And so Dennis gave a regrettable glance at his elder brother's grave once more, before turning back to the tall and foreboding man that was his father, the milkman. "You really think I should go?" he whispered. The older man nodded, his bright green eyes flashing with pain at the thought of losing not one, but two, of his sons in less than two weeks. But it was better for Dennis, to be away from England. To be away from all of the pain and bad memories. Steeled with a new determination, Dennis smiled genuinely for the first time in at least a week. "Then I'll go."
He turned to Colin's grave as his father departed for the castle, and allowed a single tear to depart from his right eye. "I'll never forget you, Colin," he whispered as he turned to follow his father back up to the castle. "You'll never leave me."
May 13, 1998
It was just scarcely two days later, and Dennis was about to depart from the castle for the final time. His trunk was being pulled loudly behind him, and his owl's cage was held in his left hand. His wand was tucked safely in the pocket of his robes, ready if the occasion should arise where he met with any Death Eaters on the way to France. Everything was peaceful. Everything except for one strikingly familiar red-haired man. George Weasley.
Dennis slowly made his way to the lone figure that was sitting by the Whomping Willow, which was still subdued from the battle with Voldemort. He sat down cautiously next to the older boy, careful to alert George to his presence before he spoke. "You know," Dennis began casually, when George gave no sign that he had seen Dennis approach, "he'll always be with you."
George snorted with laughter. "I've been telling myself that all week. But it doesn't change anything. At the end of the day, they're still gone. They're not coming back."
Dennis frowned. "I'm not quite so sure about that, George." He paused. "My dad used to tell Colin and I this old Muggle saying back when we were still kids. Do you know what it was?" George shook his head, and Dennis continued. "Death is only a word." George's lips twitched upwards for what seemed like the first time since Fred had been pronounced dead. "Think on that," Dennis added before he began to trudge out of the castle grounds.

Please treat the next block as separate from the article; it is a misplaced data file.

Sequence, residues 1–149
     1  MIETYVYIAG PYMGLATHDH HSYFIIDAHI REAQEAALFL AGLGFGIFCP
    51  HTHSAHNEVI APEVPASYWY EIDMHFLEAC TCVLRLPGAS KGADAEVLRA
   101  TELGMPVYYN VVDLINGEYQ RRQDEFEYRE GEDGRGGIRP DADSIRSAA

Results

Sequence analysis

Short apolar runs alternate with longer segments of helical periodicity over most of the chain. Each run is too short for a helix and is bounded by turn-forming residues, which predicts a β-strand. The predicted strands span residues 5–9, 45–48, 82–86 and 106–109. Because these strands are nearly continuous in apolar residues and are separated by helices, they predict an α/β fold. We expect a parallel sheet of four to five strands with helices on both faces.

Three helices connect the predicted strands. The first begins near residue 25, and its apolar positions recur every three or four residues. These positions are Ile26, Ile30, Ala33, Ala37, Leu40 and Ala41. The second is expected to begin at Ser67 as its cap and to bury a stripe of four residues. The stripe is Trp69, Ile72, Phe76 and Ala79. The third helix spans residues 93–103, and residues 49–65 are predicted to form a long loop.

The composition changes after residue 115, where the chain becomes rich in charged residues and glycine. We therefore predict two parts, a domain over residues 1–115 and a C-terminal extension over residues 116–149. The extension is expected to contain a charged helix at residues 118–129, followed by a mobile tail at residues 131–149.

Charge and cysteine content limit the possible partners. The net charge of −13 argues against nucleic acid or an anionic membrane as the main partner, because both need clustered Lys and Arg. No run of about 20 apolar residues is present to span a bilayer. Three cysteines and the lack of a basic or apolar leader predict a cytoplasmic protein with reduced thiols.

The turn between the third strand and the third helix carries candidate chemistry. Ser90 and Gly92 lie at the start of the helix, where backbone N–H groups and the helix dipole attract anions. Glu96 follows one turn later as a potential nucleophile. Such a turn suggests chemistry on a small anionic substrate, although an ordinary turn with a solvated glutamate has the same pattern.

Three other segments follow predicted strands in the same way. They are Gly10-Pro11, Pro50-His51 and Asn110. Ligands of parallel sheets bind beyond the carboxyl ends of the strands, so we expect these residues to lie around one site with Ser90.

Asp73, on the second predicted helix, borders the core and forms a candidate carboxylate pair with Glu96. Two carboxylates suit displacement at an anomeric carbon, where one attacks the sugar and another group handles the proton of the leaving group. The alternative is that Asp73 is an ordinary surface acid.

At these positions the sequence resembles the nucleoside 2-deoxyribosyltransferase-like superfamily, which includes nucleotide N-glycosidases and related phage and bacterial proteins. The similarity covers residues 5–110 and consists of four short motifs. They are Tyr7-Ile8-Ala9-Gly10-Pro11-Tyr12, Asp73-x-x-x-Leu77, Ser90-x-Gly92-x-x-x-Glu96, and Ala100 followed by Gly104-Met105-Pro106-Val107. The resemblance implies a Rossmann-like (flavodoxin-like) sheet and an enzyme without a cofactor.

Only the still slightly raspy voice brought him back. "You know you're still a kid, right, Dennis?" George asked him, with a hint of the playful side of him that had been around so frequently when Fred was alive. Dennis smiled.
August 10, 2005
Dennis looked down at the blue bundle wrapped up in his arms. He couldn't get over it. His son was perfect. From the mousy brown mop of hair on his head to the perfectly sculpted tiny toes, he was perfect. Gabrielle had done brilliantly. Dennis's wife, Gabrielle Creevey (née Delacour) was lying on the bed next to him, resting after the fitful labor that she had just had. Dennis was tired too, but he couldn't sleep, not while he was trying to figure out the perfect name for his perfect son.
Gabrielle stirred, and Dennis was very upset when she awoke. "You should be resting," he insisted. "The doctors said you needed to rest." She brushed away his doubts, telling him to give her the baby or she was going to throw a fit. So Dennis obliged, having learned all-to-quickly not to mess with a highly hormonal young woman.
"What are we going to name him?" Gabrielle asked in a hushed voice as their son opened his light brown eyes to peer curiously at the both of them before falling asleep once more.
"I don't know," Dennis breathed, as he studied his newborn son closely for the first time. He looked so much like…
"Colin," Gabrielle whispered. "I think that we should name him Colin."
Dennis very nearly choked on his own spit. It was perfect. And then Dennis let the tears flow, and for the first time he began to express how much he wished his brother could have been there to experience this moment, how he wished his brother would have had kids of his own. And throughout all of this, the only thing that Gabrielle could make out was that he wanted the middle name to be Isaac, for his father. She happily agreed.
Colin Isaac Creevey. Once his son was named, Dennis began to pull himself together, piece-by-piece, bit-by-bit. And he began to think back to that conversation held beneath the Whomping Willow, a couple of years previous. For, after all, death is only a word.